Making Experience Come Out of Right: Culture As Biography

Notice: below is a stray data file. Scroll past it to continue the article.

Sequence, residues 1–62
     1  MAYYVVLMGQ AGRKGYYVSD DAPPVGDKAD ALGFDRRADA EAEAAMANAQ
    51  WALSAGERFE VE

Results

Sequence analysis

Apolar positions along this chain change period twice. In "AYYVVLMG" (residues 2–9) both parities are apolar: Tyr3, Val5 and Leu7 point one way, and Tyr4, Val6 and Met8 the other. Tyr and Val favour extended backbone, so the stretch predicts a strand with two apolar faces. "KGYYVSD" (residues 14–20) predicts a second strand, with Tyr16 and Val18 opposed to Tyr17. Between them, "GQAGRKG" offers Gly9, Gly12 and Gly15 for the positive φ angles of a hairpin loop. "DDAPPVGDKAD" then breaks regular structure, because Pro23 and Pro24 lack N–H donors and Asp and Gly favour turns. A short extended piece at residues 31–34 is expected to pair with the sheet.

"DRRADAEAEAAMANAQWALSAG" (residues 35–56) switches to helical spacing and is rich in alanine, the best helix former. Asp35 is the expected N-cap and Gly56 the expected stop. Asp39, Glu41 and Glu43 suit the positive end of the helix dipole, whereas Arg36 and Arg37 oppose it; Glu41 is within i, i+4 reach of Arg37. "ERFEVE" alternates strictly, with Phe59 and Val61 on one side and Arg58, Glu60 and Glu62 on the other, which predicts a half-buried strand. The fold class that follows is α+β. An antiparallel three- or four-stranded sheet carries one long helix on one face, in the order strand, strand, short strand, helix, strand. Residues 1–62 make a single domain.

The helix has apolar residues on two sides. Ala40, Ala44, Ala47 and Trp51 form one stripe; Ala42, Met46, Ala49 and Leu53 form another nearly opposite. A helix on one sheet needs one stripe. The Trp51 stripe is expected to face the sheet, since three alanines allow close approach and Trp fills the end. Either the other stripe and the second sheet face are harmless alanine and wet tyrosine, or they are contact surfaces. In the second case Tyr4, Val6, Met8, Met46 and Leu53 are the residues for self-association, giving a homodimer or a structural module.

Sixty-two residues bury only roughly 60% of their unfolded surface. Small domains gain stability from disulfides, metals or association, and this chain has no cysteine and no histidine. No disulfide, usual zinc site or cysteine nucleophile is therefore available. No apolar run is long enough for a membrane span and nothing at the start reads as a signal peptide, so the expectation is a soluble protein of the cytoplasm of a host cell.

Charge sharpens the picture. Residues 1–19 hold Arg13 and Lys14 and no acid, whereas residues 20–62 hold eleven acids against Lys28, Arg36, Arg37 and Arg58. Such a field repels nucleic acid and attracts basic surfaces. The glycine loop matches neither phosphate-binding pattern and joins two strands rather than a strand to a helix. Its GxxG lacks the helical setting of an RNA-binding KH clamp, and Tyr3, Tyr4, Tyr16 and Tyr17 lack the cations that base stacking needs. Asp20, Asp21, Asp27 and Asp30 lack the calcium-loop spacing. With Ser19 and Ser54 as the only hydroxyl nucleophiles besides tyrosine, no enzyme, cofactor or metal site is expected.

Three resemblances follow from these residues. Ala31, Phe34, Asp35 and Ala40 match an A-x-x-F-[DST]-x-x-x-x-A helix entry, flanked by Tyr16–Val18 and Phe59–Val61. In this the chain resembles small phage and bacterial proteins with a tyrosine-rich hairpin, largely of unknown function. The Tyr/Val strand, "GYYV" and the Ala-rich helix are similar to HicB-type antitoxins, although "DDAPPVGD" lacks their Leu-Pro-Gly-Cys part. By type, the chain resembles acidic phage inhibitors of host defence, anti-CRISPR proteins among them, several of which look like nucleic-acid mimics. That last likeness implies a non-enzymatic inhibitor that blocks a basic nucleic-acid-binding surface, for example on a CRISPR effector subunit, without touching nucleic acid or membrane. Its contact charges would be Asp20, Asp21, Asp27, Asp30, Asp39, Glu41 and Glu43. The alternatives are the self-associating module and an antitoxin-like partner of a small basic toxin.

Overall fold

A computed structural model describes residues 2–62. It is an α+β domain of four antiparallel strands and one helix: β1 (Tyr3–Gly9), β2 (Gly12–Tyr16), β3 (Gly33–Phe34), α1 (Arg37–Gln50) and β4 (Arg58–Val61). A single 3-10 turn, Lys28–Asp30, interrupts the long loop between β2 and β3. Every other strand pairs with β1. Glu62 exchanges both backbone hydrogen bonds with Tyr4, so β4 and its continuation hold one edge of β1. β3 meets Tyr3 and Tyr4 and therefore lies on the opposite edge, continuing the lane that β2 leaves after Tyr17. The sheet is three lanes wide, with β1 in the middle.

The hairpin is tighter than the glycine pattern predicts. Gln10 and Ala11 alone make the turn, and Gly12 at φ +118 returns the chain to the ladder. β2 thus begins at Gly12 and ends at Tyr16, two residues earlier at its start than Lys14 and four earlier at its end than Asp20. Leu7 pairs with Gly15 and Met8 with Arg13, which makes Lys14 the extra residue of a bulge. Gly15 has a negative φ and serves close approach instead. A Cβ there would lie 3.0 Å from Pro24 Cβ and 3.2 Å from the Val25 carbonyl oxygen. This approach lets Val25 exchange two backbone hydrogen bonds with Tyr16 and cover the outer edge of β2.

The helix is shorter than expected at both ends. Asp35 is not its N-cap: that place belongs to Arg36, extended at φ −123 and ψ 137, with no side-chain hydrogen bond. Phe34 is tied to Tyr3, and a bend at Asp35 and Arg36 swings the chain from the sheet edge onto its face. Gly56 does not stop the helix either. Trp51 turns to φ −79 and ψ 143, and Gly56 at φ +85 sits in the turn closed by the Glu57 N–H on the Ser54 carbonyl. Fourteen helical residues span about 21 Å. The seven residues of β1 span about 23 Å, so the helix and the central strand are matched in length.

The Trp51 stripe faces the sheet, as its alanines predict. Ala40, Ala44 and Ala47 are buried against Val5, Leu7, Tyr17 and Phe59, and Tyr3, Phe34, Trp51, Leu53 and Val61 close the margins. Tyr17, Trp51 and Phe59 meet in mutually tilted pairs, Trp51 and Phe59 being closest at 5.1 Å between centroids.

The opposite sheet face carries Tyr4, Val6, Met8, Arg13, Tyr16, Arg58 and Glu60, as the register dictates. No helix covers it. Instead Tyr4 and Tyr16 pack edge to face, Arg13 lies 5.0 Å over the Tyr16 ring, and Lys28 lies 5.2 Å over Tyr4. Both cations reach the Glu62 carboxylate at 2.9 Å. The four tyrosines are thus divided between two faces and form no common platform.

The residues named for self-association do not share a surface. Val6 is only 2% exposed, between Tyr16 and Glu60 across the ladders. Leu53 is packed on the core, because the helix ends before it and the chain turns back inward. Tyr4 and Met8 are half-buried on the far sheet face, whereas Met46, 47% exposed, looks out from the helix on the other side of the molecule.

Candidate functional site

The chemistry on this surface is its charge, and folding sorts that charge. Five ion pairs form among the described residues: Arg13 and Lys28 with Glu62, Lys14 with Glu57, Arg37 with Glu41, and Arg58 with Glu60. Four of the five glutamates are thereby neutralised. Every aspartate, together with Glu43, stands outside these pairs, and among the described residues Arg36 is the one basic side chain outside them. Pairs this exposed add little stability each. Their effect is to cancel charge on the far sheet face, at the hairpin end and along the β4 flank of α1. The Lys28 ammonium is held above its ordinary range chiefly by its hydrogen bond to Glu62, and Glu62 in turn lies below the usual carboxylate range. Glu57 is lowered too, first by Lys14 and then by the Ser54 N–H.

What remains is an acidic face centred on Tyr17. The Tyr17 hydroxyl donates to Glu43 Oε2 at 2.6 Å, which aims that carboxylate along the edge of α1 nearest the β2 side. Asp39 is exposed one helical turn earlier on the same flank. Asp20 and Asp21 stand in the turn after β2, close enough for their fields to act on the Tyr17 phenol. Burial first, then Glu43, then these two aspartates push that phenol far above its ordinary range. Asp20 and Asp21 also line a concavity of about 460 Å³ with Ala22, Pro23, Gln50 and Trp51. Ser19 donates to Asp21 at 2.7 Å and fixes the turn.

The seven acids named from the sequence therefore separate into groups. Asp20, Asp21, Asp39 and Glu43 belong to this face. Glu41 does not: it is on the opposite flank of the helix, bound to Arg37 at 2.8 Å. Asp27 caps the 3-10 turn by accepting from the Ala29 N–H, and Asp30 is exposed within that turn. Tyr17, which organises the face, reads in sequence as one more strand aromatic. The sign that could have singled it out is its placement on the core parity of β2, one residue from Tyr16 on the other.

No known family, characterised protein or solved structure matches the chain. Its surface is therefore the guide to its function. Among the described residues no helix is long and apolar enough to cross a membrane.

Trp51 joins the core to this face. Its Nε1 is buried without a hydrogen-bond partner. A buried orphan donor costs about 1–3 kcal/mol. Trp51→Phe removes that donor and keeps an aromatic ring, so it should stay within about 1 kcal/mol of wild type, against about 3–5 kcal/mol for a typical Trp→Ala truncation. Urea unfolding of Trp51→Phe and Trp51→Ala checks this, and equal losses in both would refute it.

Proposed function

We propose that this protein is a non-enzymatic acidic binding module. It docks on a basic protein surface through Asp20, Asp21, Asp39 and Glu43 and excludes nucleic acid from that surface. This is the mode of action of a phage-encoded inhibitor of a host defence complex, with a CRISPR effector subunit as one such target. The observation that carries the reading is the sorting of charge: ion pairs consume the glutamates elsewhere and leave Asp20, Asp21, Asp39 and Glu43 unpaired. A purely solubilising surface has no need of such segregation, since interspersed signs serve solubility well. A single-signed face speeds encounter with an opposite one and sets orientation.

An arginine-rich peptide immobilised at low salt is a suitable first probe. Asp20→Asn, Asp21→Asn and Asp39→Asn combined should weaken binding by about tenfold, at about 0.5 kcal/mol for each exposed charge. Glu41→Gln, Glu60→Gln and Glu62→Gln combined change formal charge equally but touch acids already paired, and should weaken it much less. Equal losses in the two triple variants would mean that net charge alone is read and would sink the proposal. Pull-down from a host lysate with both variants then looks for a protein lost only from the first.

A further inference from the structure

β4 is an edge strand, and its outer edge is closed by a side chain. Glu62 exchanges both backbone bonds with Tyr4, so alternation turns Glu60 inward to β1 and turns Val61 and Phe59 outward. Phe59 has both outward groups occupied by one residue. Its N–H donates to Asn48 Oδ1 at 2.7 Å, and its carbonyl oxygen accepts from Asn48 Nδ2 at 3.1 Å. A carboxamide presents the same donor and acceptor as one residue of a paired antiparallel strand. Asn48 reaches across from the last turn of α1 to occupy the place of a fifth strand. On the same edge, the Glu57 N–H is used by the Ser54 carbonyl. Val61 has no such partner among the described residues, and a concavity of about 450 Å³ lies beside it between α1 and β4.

Culture is not external to the life of self but constitutive of it. This theme is elaborated by use of 3 examples. (1) Montaigne's Essays record 18 years of a self “consubstantial” with its writings. The example raises the question: Is self-inscription a major element in many types of cultural activity? (2) The lives of Chang and Eng Bunker, the “Original Siamese Twins,” unseparated for 63 years, are used to ask the question: To what extent can biography be understood apart from biology, or one life understood apart from the lives around it? (3) In Inoue Yasushi's Chronicle of My Mother, a woman's self-understanding of her biography differs radically from her personal history as construed by her children and grandchildren. Here the question is: To what extent is selfunderstanding “consubstantial” with the interpretations made by others. The general suggestion is that selfhood has to be examined, in cultural analysis, as a temporal phenomenon and not as a “structure” individuated and spaced-out from the rest of culture. Culture then becomes a window-of-opportunity for the completing of self-projects.